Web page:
The Last Foam Cup — McDonald’s and Dunkin’ Donuts
In 1948, McDonald’s sparked a disposable revolution when they quit using reusable plates and utensils. Non-degradable polystyrene foam — often called styrofoam — became king, with foam cups and cheeseburger boxes filling landfills and oceans day after day. In 1990, McDonald’s did away with foam “clam shell” boxes, but it still goes through about a billion foam cups a year.
Polystyrene foam is one of the greatest of ocean plastics scourges. It breaks down into tiny pieces that marine animals mistake for food, and it lasts — literally — forever. An astounding amount of ocean plastic debris is foam or plastic packaging.
Shareholders get it on foam. It takes a lot of power to alter the path of a corporate behemoth like McDonald’s, but with shareholder power complementing grassroots activism and legislation, it can be done. With a 30% shareholder vote on our shareholder resolution, McDonald’s investors told the company they wanted it to quit its polystyrene habit. And McDonald’s listened. The company will get rid of foam packaging entirely — globally — by the end of 2018.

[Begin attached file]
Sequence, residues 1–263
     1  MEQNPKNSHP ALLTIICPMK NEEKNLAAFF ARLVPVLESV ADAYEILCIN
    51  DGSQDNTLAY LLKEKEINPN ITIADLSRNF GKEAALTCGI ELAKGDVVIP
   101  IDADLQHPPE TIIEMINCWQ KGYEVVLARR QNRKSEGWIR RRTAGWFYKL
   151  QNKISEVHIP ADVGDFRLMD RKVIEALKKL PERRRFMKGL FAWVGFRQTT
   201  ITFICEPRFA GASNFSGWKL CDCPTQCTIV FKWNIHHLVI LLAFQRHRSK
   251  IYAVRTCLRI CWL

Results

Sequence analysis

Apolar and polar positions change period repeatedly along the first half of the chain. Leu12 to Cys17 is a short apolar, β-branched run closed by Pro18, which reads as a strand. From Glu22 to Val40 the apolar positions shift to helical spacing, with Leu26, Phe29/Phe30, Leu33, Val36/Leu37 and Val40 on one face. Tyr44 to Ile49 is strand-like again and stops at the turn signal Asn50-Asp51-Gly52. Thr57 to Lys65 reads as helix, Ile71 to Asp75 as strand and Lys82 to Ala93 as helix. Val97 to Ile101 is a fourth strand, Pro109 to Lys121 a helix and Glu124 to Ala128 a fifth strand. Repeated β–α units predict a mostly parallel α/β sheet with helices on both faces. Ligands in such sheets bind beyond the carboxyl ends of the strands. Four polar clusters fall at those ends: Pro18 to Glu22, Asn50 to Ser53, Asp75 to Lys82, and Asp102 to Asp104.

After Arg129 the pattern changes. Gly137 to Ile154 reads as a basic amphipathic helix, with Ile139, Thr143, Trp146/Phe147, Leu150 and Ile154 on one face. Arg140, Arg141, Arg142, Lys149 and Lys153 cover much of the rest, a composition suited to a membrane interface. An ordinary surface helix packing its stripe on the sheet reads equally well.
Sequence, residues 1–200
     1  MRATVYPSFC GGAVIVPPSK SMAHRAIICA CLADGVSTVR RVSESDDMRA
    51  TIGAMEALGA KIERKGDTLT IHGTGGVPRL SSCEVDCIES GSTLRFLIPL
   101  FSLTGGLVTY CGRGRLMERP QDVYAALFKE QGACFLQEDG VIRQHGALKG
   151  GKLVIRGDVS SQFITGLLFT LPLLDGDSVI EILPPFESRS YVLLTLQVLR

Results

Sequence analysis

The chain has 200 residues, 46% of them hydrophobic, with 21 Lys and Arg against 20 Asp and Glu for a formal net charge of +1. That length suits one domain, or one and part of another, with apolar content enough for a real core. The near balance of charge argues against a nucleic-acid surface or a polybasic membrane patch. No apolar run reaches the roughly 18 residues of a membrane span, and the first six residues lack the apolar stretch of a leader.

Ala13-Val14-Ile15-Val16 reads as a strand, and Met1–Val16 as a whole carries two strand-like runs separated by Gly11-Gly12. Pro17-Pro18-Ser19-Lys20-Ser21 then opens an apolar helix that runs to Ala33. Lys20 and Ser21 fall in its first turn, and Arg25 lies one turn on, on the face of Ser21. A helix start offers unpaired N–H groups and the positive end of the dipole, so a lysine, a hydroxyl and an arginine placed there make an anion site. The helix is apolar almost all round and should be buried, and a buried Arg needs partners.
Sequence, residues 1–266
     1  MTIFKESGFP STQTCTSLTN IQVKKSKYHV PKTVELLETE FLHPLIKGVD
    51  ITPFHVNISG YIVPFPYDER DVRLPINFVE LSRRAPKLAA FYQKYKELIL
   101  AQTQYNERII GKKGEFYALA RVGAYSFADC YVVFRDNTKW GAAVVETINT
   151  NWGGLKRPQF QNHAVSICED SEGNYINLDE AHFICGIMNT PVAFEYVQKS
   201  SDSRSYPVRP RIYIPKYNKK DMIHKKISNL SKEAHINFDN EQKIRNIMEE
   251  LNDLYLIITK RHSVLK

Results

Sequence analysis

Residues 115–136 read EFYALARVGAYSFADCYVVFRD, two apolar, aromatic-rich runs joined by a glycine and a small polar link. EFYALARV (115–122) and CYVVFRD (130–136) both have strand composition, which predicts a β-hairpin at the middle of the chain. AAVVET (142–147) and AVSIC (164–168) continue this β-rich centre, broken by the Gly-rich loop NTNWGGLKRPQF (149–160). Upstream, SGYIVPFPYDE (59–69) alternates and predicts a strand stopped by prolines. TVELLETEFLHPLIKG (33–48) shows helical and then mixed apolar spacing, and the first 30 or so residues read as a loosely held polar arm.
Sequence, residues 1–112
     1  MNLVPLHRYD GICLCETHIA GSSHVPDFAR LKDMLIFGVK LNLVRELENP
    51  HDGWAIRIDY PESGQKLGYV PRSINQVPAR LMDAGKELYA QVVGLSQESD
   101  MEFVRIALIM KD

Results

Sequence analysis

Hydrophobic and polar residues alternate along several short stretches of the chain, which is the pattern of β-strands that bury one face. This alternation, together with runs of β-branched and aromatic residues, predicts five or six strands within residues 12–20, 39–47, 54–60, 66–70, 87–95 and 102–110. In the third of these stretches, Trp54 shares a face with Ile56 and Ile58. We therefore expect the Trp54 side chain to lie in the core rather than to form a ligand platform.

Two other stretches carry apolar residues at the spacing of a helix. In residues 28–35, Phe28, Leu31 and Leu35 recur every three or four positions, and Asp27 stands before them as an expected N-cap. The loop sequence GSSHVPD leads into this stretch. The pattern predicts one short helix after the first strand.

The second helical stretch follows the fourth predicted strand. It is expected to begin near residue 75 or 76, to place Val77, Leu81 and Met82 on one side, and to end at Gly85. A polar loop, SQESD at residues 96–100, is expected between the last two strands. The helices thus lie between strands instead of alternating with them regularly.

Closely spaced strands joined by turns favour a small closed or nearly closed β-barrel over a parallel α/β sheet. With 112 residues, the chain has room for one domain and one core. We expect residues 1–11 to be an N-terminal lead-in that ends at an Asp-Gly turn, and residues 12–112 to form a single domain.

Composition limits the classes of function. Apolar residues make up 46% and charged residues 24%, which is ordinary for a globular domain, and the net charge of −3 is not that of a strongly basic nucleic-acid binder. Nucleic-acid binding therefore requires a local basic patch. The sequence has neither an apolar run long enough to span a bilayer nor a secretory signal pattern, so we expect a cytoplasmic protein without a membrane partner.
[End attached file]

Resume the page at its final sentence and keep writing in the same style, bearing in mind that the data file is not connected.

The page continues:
McDonald's action is a resounding victory for oceans, ecosystems, landfills, and marine life. And Dunkin’ Donuts followed McDonalds’s lead. Dunkin’ uses around a billion foam cups a year, too — they've announced they'll quit foam by 2020.
That's 2 billion foam cups every year between McDonald's and Dunkin' that won't ever see a customer — or the ocean, or the inside of a sea turtle’s stomach.
That’s the power of shareholder action. That’s shareholders stopping the flow of plastics at the source: giant global corporations.